ANALYSIS
Evanston voters go to the polls Tuesday to decide the fate of a plan to raise the real estate transfer tax 20 percent to fund as-yet-unspecified affordable housing programs.

The tax increase is expected to raise $800,000 to $1,000,000 per year.

The way I figure, that might be enough to solve 44 percent of our affordable housing problem in 136 years.

Let’s take a look at a best-case scenario. (Bear with me here, this is going to require some math.)

If the funds are spent as Alderman Ann Rainey, 8th Ward, who first proposed the referendum, has suggested, $1,000,000 could give $25,000 in downpayment assistance to each of 40 new homebuyers a year. (Most other proposals suggest spending more money apiece on fewer total households.)

U.S. Census data shows that Evanston has 5,465 renter households who now have to stretch to meet their housing costs — paying over 30 percent of their income for housing.

So, helping 40 households per year, it would take 136 years to provide downpayment assistance to all Evanston renters who now pay too much for housing. (And the crisis is only solved for them if, after the downpayment assistance, they have a sufficient income stream to carry the rest of the costs of their new home. Some will have that, but many won’t.)

Meanwhile, what happens to the 6,832 current Evanston homeowner households that the Census Bureau says have to stretch to meet their housing costs? That’s the other 56 percent of our housing affordability crisis.

Well, not much. They won’t be helped by a program focused on new-homeowner downpayment assistance, but the transfer tax boost will only marginally raise their housing expenses.

Here’s how to figure that.

With 17,341 Evanston homeowners in 2005 and around 2,000 real estate transfer tax transactions each year, we can estimate that the average Evanston homeowner moves once every nine years. (For a reality check on that estimate, note that the Census Bureau reports that nearly 45 percent of all suburban residents moved in the five years between 1995 and 2000.)

With the median home price here at $338,000 and a new tax of $338 paid once in nine years, that averages out to a cost of $37.55 per year for the owner of a median-priced home.

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Bill Smith is the editor and publisher of Evanston Now.

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6 Comments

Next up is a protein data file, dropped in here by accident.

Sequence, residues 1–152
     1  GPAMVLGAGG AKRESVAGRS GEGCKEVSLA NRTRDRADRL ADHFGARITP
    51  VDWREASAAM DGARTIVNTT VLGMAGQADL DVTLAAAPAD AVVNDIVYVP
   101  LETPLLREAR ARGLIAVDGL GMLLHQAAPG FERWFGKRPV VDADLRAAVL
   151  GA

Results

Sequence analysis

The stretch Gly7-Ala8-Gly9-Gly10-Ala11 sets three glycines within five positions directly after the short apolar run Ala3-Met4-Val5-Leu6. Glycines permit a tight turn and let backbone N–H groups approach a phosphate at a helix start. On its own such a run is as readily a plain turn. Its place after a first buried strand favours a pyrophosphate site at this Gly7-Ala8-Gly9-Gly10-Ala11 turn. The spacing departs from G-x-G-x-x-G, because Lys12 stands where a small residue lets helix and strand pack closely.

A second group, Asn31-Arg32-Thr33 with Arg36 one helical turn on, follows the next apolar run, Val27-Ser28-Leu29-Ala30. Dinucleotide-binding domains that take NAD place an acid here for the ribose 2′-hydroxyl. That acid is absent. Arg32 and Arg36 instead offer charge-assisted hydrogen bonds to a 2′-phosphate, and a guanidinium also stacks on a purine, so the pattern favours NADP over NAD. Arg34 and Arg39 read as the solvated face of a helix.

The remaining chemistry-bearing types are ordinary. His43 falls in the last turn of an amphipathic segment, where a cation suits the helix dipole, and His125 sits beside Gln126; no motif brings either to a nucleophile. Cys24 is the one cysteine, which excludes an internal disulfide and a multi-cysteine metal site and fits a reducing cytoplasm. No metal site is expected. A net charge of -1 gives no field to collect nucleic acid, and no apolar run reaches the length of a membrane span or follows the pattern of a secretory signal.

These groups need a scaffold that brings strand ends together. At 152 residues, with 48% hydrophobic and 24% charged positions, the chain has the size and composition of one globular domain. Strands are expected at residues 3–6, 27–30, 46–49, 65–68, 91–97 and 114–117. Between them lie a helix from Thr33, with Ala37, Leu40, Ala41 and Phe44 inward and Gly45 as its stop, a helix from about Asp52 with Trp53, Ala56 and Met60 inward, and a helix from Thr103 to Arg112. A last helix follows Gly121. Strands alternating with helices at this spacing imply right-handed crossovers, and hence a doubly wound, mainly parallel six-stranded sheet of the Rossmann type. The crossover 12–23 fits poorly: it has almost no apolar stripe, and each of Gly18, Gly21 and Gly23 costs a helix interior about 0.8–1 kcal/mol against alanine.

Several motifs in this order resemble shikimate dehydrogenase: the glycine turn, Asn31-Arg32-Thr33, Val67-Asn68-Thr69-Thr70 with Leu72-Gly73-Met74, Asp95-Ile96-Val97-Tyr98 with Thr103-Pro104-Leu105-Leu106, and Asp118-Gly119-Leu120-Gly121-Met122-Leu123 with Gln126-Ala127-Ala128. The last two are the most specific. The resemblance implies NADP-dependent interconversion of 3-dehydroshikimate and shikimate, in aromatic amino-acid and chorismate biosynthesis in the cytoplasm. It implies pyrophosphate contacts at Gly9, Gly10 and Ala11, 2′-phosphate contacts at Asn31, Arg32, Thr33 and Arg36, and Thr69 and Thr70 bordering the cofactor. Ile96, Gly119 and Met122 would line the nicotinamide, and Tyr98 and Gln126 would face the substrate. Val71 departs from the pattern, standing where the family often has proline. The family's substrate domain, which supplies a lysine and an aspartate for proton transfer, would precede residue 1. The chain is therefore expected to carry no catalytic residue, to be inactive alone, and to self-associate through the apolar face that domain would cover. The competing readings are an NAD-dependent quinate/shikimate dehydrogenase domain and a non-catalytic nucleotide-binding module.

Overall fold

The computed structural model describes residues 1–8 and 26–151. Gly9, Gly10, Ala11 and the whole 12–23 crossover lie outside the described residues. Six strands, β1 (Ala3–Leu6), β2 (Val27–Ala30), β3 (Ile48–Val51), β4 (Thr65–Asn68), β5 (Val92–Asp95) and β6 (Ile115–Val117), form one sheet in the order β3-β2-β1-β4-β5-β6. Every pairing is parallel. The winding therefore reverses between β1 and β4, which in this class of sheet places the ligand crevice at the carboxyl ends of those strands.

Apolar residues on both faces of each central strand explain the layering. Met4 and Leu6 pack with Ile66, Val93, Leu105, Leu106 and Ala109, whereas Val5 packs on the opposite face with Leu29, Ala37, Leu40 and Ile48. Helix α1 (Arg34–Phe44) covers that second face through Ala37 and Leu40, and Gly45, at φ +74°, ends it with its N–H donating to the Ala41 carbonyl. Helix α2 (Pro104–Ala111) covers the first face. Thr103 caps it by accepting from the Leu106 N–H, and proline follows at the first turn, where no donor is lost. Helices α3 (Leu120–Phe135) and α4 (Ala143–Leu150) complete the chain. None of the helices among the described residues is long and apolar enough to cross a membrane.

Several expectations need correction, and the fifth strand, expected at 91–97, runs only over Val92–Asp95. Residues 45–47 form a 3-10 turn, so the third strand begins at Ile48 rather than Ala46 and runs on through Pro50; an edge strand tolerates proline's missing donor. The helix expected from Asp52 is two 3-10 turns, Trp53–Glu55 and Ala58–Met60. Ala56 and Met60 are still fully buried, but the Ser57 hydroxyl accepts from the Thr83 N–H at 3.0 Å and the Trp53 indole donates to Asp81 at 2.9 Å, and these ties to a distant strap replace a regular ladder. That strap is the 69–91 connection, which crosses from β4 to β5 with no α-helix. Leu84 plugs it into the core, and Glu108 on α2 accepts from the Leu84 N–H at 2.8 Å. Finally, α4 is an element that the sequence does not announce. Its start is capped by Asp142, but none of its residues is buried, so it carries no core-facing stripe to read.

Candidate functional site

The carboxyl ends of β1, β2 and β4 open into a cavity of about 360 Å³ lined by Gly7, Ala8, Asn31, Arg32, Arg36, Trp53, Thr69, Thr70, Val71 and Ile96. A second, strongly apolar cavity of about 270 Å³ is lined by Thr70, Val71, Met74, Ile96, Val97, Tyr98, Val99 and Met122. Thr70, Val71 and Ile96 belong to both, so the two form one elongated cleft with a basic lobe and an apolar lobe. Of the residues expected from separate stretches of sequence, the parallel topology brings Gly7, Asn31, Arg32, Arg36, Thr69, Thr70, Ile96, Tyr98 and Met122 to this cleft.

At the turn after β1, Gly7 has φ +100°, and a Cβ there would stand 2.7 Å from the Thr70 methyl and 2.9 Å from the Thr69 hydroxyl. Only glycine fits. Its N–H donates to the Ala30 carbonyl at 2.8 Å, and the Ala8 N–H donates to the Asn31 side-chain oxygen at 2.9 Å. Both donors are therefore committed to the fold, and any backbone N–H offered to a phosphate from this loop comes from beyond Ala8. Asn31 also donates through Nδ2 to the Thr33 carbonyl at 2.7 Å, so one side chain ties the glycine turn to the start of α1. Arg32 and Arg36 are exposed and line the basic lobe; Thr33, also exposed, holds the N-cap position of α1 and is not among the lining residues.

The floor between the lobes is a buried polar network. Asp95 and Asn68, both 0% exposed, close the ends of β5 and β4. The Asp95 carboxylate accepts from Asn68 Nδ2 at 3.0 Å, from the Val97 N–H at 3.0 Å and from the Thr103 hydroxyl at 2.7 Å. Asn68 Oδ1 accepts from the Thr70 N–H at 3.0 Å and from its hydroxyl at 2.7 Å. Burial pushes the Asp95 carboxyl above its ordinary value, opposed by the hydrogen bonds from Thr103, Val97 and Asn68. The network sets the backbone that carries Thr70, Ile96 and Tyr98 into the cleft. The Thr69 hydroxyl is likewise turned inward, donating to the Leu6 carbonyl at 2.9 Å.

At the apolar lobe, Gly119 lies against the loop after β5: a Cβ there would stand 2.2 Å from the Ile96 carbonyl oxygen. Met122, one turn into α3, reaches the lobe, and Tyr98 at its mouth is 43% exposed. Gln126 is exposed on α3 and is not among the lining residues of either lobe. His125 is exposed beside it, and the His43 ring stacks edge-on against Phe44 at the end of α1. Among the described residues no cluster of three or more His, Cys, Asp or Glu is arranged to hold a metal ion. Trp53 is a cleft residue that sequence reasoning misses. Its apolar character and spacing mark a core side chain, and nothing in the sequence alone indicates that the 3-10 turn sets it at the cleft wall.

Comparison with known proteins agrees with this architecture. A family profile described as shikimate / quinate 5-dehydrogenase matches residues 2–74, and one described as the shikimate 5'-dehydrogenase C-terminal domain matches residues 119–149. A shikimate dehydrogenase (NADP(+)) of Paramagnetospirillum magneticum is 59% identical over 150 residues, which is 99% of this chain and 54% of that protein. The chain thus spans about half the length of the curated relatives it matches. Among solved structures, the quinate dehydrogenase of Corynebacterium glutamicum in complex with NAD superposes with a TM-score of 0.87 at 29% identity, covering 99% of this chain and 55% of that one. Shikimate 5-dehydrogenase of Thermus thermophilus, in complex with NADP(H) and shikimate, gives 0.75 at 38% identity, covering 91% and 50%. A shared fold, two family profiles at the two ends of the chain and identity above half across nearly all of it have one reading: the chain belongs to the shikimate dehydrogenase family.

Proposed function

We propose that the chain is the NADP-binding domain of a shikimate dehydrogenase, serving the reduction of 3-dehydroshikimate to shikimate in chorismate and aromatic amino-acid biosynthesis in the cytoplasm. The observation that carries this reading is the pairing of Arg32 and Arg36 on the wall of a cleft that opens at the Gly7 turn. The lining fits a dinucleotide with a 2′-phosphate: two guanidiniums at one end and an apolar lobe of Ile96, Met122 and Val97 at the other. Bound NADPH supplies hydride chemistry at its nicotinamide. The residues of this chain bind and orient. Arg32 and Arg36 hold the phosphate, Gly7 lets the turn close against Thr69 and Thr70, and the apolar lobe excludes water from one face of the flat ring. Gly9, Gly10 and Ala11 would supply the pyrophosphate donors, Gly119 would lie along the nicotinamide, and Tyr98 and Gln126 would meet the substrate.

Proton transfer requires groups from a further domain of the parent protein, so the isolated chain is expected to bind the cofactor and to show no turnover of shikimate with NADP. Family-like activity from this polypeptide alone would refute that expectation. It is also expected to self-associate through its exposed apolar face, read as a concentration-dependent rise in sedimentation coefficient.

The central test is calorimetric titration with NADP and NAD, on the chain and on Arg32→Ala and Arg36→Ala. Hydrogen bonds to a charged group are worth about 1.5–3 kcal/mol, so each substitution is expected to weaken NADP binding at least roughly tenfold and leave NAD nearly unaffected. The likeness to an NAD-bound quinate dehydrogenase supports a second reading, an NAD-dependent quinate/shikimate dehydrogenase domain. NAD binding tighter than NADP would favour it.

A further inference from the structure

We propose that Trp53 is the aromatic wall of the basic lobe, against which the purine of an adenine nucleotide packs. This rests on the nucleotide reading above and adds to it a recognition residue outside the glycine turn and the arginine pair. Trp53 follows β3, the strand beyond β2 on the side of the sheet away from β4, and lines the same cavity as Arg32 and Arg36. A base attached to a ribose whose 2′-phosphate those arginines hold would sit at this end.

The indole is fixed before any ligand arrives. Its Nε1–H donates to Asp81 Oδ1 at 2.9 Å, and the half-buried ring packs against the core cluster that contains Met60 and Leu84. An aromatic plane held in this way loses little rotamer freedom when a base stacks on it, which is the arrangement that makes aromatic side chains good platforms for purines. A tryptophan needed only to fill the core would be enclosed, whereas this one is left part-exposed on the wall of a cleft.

1. Not all of the potential funds included in your analyisis
    Bill,

    Omitting the developer’s portion of the revenue source for affordable housing certainly does make the numbers you set forth pretty grim indeed. Adding those expected revenues may cut the time needed to help everyone somewhat. Even though not everyone may be helped immediately, I still feel that there is a benefit to providing support for affordable housing here in Evanston.

    By providing monies for affordable housing, the supply of potential buyers for both existing and new housing increases. The value of my house is tied to what someone can pay for it when or if I wish to move. If no relator can sell my house because no one can afford to buy my house, then $0.00 goes into both the affordable housing fund and the city fund. Likewise, if I cannot afford to sell then again $0.00 goes into the fund because the property didn’t transfer. If people cannot afford to buy in Evanston, then the developers who are putting up all of this housing will be stuck with largely empty buildings that they will have to pay taxes on and that will eventually fall into disrepair.

    I am of the opinion that there an affordability problem exists in Evanston now. I believe that this is supported by the decrease in Kindergarten enrollment in our elementary school district. I also peruse the newspaper real estate listings for Evanston weekly. I’m just not seeing that even “handyman’s special” properties or even most Evanston condos anywhere near affordable in those listings. I have no faith that the federal or even that state government is capable of addressing the issue with any effectiveness. I do believe that some local effort, even if it is small needs to be made toward addressing affordability. The opportunity to start out in a small space, or in a fix-it-up space isn’t there as it was 20 years ago, based on the asking prices I’ve seen.

    Models such as the one used in Napa, California do exist for administering affordable housing. I have yet to meet anyone on the city staff who could not
    figure out how to adapt that model for our community.